Yesterday the S&P 500 sold off over 1% and the VIX also sold off over 4%. Typically for a 1% down move in the S&P 500 the VIX will move up by 4%, so yesterday’s price action was very atypical and is a bullish indicator. The VIX moves up when the S&P moves down because traders bid up the cost of out of the money puts in order to protect their portfolios from further declines. Yesterday we saw traders doing the opposite: selling puts at levels they were willing to get long the market. The biggest trade of the day in SPY options was the sale of 48,000 Nov. 136 puts for $0.53 with SPY at 138.75. This trade will profit as long as SPY is above 135.47 (2.4% lower) at November expiration, which is in 8 days. If SPY is lower than 136 then the trader will be put to 4.8 million shares of SPY at 136, but regardless the trader will keep the $0.53 in premium collected.
For people who want to begin buying into this sell off selling puts is a good way to go because you can effectively get paid to lock in a price you are willing to buy at. However, selling puts means that you have all of the risk on the downside as a long stock position so you must be comfortable with the risks of owning the stock at the strike price. For people trying to pick a bottom in the S&P 500 but who don’t want to take delivery of the stock I recommend turning this trade into a put spread by buying a deep out of the money put as a hedge.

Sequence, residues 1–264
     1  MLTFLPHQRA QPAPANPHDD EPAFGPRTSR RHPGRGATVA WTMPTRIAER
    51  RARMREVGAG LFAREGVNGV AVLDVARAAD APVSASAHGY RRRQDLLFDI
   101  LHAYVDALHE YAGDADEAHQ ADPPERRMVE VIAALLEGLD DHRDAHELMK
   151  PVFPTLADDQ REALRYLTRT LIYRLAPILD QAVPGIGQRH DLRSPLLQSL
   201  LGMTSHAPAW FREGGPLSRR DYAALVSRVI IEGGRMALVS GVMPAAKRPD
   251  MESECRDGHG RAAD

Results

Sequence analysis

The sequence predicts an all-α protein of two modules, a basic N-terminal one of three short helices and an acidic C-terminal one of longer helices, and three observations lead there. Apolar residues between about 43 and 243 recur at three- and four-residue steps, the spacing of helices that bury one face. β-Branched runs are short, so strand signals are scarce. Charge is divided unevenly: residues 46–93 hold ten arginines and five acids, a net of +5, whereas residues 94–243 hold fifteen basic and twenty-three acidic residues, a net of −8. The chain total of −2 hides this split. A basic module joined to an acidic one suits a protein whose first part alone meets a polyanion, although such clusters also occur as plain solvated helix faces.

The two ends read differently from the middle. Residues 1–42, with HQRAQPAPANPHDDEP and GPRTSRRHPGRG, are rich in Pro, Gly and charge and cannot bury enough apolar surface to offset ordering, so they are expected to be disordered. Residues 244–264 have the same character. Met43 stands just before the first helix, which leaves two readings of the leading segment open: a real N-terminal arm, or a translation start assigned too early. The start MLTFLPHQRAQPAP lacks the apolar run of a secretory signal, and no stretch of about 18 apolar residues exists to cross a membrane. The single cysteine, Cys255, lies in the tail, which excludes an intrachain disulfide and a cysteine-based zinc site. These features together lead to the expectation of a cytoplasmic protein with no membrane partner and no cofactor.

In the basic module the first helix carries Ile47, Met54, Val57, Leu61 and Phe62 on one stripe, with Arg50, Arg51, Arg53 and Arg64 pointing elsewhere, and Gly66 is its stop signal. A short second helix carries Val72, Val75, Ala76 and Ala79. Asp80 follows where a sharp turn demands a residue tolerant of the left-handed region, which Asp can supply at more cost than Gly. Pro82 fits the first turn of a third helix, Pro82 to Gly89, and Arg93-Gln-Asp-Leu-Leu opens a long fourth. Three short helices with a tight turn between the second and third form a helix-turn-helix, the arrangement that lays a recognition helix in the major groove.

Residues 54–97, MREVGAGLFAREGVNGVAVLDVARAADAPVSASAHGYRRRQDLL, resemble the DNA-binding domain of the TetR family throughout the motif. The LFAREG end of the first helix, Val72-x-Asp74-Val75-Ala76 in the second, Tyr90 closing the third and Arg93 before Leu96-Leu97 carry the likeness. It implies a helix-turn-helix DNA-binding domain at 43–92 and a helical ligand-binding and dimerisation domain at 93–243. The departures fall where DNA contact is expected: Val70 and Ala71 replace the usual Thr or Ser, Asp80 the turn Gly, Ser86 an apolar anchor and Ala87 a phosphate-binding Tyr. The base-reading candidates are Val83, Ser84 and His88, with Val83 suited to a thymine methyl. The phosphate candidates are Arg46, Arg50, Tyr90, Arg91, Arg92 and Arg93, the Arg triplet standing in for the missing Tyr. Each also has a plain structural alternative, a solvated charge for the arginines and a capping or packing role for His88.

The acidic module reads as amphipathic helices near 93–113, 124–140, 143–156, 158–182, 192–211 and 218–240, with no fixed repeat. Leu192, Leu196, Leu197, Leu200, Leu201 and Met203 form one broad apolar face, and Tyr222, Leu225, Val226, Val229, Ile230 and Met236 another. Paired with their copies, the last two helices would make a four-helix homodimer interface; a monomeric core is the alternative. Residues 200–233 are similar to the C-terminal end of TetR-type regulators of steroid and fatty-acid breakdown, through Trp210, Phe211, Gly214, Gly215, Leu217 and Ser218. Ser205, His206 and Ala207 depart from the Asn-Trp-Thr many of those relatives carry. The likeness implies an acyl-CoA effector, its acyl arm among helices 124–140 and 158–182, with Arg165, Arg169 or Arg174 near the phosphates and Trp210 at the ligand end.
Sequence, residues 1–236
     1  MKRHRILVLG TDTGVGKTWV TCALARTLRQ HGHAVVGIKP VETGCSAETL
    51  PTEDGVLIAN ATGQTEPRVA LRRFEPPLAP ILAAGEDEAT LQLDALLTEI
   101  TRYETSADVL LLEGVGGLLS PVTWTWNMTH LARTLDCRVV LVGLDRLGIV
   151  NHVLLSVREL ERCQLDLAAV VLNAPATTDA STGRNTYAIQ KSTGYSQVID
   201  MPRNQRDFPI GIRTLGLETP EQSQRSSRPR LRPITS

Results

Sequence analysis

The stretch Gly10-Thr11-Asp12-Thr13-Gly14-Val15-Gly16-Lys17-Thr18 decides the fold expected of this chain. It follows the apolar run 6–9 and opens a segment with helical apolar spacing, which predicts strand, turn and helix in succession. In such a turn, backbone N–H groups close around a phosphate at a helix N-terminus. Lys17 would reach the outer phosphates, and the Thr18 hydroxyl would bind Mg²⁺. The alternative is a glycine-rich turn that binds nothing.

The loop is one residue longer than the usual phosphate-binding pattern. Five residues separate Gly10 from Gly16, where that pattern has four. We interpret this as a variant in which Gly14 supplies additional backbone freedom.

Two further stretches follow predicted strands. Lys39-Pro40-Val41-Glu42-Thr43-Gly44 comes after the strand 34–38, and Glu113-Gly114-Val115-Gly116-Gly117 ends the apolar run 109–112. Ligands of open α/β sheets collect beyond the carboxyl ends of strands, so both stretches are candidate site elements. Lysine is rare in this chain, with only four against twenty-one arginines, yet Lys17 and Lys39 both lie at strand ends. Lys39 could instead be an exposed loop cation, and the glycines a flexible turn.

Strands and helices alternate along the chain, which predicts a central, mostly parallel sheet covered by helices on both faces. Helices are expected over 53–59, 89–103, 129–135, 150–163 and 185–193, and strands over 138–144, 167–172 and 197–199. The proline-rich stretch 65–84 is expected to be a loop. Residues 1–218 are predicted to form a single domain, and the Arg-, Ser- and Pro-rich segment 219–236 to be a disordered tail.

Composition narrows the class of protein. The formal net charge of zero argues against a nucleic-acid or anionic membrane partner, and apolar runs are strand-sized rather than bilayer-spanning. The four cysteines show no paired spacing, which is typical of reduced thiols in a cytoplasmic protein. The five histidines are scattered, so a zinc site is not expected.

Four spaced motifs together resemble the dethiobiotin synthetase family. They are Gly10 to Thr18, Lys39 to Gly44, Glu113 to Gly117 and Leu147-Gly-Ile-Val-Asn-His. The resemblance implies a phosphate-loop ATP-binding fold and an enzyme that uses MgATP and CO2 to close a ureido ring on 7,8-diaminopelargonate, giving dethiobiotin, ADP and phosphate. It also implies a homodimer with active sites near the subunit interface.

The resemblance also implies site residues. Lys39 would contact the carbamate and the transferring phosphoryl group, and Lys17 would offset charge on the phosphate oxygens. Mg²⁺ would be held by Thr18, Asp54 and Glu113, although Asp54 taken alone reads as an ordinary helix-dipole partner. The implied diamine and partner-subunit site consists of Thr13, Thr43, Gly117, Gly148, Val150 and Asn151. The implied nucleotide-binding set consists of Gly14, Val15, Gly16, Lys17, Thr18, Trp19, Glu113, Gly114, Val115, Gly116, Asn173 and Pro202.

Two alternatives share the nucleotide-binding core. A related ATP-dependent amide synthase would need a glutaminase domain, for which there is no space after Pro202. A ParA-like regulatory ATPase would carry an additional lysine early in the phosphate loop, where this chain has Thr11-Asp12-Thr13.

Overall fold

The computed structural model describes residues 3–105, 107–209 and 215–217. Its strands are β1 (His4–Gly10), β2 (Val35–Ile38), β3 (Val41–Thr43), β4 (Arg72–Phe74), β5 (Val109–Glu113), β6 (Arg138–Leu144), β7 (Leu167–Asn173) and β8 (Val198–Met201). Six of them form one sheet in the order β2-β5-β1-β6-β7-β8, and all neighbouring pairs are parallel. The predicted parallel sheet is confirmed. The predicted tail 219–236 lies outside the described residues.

The case for keeping risk fixed and portfolios hedged is this chart, which overlays the price action around the 1987 crash with today’s market.
Though this doesn’t necessarily mean the market will crash today, it is important to remember that it could, and does so unpredictably. We are currently cautiously long the market with tightly hedged positions and are closely monitoring the S&p 500’s price action in the vicinity of the 200-day moving average.
Ahead of the open futures are down but off their lows, and given the options order flow yesterday I would be surprised if the market did not at least attempt to reverse some of yesterday’s sell off. Apple has been a great leading indicator of the overall market the past few months and in pre-market trading is up on the day and nearly $10 off its overnight lows, which coincided perfectly with a 50% Fibonacci retracement from its November ‘11 – October ’12 rally.